Jageshwar Sharma vacated his rented single-room tenement in Noida and took a bus to his village in Uttar Pradesh a month ago, after “waiting for weeks to get a new job”. The young man had gotten used to the cycle of getting low-paying jobs and being retrenched abruptly ever since the Covid-19 pandemic hit. His new plan is to try for a job closer to home. He has heard that there are many openings at the new Lulu Mall in the city. He is yet to get one, though. “It all gets rather exasperating at times,”he said.
The life of Sijo John, another Noida resident, however, may seem a world apart. Executive assistant to the CEO of an entertainment and media giant, John, 34, did not have a pay cut during Covid like many of his friends, and his wife, Merin, who has a quasi-government job, even got a hike after the last Pay Commission. But he calls his financial status precarious. “The price rise has been so massive that my budgets have gone off tangent despite the double income,”said John. “It is not difficult to live by, but we are unable to save any money—for investments or for future expenses like kids’ education and medical.”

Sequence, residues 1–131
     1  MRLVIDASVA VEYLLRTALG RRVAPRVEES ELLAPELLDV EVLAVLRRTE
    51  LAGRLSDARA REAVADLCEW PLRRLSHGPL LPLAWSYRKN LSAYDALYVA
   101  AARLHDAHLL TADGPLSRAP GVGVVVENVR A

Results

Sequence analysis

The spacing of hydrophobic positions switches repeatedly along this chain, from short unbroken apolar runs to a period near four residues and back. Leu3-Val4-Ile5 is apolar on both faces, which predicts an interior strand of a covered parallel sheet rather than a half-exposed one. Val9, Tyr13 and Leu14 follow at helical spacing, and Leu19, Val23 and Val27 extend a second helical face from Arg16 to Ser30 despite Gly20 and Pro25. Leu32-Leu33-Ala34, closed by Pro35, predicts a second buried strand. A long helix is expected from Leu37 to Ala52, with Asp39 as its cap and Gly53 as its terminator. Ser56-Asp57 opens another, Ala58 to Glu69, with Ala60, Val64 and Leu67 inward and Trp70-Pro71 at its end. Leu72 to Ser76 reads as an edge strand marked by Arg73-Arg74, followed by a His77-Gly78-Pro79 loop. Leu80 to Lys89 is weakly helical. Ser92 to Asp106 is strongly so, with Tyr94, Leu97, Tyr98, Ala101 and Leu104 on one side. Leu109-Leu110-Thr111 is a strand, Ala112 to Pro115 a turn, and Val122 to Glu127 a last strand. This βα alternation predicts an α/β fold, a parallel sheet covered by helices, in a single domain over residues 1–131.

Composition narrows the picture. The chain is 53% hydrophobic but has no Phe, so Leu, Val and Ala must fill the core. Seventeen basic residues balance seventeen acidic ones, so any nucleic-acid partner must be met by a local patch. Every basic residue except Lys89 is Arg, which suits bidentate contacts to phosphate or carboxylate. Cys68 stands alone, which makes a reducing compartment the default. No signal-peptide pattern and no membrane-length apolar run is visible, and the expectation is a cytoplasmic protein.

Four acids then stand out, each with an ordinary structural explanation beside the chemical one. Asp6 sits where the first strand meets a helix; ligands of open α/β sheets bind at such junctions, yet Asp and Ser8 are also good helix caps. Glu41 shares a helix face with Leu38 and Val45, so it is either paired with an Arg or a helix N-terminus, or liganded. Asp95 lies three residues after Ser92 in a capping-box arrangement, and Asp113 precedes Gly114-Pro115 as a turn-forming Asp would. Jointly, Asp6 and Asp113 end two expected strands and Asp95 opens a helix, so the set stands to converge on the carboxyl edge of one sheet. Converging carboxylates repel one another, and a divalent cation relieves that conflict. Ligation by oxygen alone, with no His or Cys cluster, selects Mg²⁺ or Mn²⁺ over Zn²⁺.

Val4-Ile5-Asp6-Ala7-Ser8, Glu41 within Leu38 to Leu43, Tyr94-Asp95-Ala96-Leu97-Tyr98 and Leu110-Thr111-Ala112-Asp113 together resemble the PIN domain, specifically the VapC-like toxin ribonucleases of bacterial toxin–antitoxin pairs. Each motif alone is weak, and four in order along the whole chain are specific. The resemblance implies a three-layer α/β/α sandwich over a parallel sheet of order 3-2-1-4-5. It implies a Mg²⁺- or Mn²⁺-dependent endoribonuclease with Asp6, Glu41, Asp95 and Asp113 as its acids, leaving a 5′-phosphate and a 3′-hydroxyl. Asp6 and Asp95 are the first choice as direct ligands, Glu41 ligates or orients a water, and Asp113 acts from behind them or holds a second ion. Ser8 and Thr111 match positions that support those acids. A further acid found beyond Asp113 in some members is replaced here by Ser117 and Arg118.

These laments about jobs and inflation are not the usual litany we hear from time to time. There is something unusual happening around us—a looming global recession, no less, and it may have already bared its fangs upon India.
Caught in a landslide
The world’s biggest economy, the US, is technically in recession (negative growth for two continuous quarters) with factories dialling back production and job cuts increasing. In a desperate bid to prevent a ‘long recession’ expected by the end of this year, the UK a month ago went in for the sharpest interest rate hike in a quarter of a century, while Germany is seeing the biggest drop in consumer spending since 1980. The UN, in a report on October 3 warned that “monetary and fiscal policy moves in advanced economies risk pushing the world towards global recession and prolonged stagnation” and that it could inflict “worse damage than the financial crisis in 2008 and the Covid-19 shock in 2020.”
The energy crisis in Europe could have a domino effect this winter, making a recession inevitable. The World Bank, in fact, warned as much, saying that all of the policy tweaking by governments may not stop a recession from hitting the global economy soon. “If the world goes into recession, don’t think that India can sit pretty,”said Subhash Chandra Garg, former finance secretary. “It is not good news for us at all.”